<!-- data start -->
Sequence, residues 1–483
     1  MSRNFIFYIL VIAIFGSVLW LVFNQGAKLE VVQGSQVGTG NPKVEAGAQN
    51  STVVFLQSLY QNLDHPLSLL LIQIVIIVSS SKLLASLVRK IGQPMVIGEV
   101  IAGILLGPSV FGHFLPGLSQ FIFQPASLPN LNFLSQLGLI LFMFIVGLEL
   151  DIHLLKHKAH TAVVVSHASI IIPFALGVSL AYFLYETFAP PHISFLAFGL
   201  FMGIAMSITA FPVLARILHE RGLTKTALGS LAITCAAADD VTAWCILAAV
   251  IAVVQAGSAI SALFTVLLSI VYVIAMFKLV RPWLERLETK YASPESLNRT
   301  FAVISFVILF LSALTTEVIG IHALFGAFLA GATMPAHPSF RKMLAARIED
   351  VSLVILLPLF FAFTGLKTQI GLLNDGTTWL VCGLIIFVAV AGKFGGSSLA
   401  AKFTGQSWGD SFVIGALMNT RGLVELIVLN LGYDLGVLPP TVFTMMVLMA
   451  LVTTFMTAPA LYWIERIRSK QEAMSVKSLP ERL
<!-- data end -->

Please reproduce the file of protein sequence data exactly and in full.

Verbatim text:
Sequence, residues 1–483
     1  MSRNFIFYIL VIAIFGSVLW LVFNQGAKLE VVQGSQVGTG NPKVEAGAQN
    51  STVVFLQSLY QNLDHPLSLL LIQIVIIVSS SKLLASLVRK IGQPMVIGEV
   101  IAGILLGPSV FGHFLPGLSQ FIFQPASLPN LNFLSQLGLI LFMFIVGLEL
   151  DIHLLKHKAH TAVVVSHASI IIPFALGVSL AYFLYETFAP PHISFLAFGL
   201  FMGIAMSITA FPVLARILHE RGLTKTALGS LAITCAAADD VTAWCILAAV
   251  IAVVQAGSAI SALFTVLLSI VYVIAMFKLV RPWLERLETK YASPESLNRT
   301  FAVISFVILF LSALTTEVIG IHALFGAFLA GATMPAHPSF RKMLAARIED
   351  VSLVILLPLF FAFTGLKTQI GLLNDGTTWL VCGLIIFVAV AGKFGGSSLA
   401  AKFTGQSWGD SFVIGALMNT RGLVELIVLN LGYDLGVLPP TVFTMMVLMA
   451  LVTTFMTAPA LYWIERIRSK QEAMSVKSLP ERL